The Okomu Forest Reserve in south-west Nigeria contains a 114-sq-km wildlife sanctuary that is an important refuge for several threatened species, including the white-throated guenon Cercopithecus erythrogaster. A conservation project that started in Okomu in 1987 focused initially on protection, but the emphasis recently shifted to a programme of agricultural development assistance to migrant farmers in the reserve. This approach, which appears to follow the philosophy espoused in IUCN/UNEP/WWF's Caring for the Earth, may hasten rather than prevent the destruction of this remnant tropical forest and its wildlife.
Wildlife conservation efforts are increasingly faced with declining, overcrowded or fragmented populations, environmental contamination, and the introduction of new species of either competitors or pathogens. These efforts are coming under increased public scrutiny in their attempt to balance human social and economic needs with those of wildlife. The integration of veterinary medicine as part of a multidisciplinary approach to conservation can assist in the successful planning, implementation and evaluation of conservation projects. Beyond the role of immobilizing animals, veterinarians can contribute to assessing and monitoring the health of wild populations, and can train others in modern approaches to working with and caring for wildlife.
The National Commission for Wildlife Conservation and Development (NCWCD) was established in 1986 to oversee all wildlife conservation programmes in Saudi Arabia. One of the first species-specific programmes, started in the same year, was a houbara bustard Chlamydotis undulata macqueenii captive-breeding project at the National Wildlife Research Center. With the production in 1992 of a selfsustaining captive houbara flock and the provision of an annual surplus of houbara chicks, attention has shifted to the release of captive-bred houbara into protected areas. Critical review of the houbara programme in 1993 emphasized the need for field studies, public-awareness programmes and international collaboration in addition to captive-rearing and release.
The Lao People's Democratic Republic (PDR) has long been a white spot on maps depicting national parks and similar protected areas. This changed dramatically with the official declaration in October 1993 of 18 protected areas covering over 10 per cent of the country's land surface. Among the countries of South East Asia Lao PDR now ranks among those with the highest proportion of land under legal protection. The political climate seems favourable and additional areas may still be added. System planning and, increasingly now, the management of declared areas has been carried out by the Protected Areas and Wildlife Division of the Centre for Protected Areas and Watershed Management (PAWM), Forest Department, with funding by the Swedish International Development Agency (SIDA) and technical support from IUCN-The World Conservation Union. Some of the most vulnerable species, such as the Javan rhinoceros Rhinoceros sondaicus, may already be extirpated, but most species and ecosystems have good prospects of survival if management of the reserves and some wider conservation initiatives can be implemented.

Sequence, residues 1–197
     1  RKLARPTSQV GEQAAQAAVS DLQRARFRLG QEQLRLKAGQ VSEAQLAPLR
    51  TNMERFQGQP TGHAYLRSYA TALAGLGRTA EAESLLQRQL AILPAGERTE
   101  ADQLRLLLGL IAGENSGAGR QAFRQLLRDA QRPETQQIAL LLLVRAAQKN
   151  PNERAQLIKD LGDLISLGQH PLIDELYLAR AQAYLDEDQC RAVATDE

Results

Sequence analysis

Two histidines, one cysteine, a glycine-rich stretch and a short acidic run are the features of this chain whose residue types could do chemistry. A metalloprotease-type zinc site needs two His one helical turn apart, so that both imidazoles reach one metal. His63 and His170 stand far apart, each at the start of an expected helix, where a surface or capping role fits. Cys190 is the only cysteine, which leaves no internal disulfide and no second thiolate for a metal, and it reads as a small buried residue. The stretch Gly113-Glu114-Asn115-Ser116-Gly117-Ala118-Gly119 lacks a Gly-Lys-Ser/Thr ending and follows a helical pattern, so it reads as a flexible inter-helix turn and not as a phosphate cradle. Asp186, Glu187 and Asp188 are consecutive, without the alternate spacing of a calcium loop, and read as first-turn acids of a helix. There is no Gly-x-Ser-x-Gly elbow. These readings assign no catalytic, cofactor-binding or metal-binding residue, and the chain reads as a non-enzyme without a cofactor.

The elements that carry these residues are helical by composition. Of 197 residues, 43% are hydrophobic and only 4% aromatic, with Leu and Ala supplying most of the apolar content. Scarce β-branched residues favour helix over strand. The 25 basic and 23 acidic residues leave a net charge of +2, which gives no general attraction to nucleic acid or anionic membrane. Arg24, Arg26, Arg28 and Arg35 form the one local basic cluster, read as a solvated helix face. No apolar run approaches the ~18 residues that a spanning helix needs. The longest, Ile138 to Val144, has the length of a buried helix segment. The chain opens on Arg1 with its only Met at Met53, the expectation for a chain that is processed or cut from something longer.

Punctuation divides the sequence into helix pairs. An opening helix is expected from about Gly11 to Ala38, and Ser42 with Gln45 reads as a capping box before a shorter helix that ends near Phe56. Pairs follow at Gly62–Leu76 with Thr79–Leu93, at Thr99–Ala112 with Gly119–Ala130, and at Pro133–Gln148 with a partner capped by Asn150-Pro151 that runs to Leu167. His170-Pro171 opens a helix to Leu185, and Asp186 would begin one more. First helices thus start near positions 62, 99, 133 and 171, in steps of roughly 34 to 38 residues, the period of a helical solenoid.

Over 10 years ago, Oryx published initial details of an investigation into the effects of selective timber logging on primates in the Sungai Tekam Forestry Concession in peninsular Malaysia (Johns, 1983). This original 2-year field study developed into a long-term monitoring programme, in which the recovery of primates in the regenerating forest is to be recorded throughout the logging cycle. This is the only such monitoring programme so far established in the world's tropical forests. The dataset is now complete for forests logged up to 18 years ago.
The Alaotran gentle lemur Hapalemur griseus alaotrensis is found only in the marsh vegetation surrounding Lac Alaotra in Madagascar. This habitat is shrinking and becoming fragmented due to conversion to rice cultivation. In addition, lemurs are hunted for pets and food. There is no protected area within their limited range. This paper presents the results of a 6-month field study assessing the distribution, population size and conservation status of the lemur. The population consists of about 7500 animals, split into at least two subpopulations. If no conservation action is taken in the near future, drainage of the remaining 13,000 ha block of marsh vegetation will probably lead to the extinction in the wild of this primate taxon.
The shift to the use of shotguns from traditional hunting weapons has often been mentioned as one of the factors contributing to over-hunting in the tropics. It has also been argued that indigenous people using traditional hunting methods are conservationists because they do not over-exploit natural resources. A study of two Indian communities in south-eastern Peru, one of which hunted with guns and the other with traditional weapons, found that there was little difference in the amount of meat consumed per capita in each village and that shotgun hunters were no more exploitative than the traditional hunters.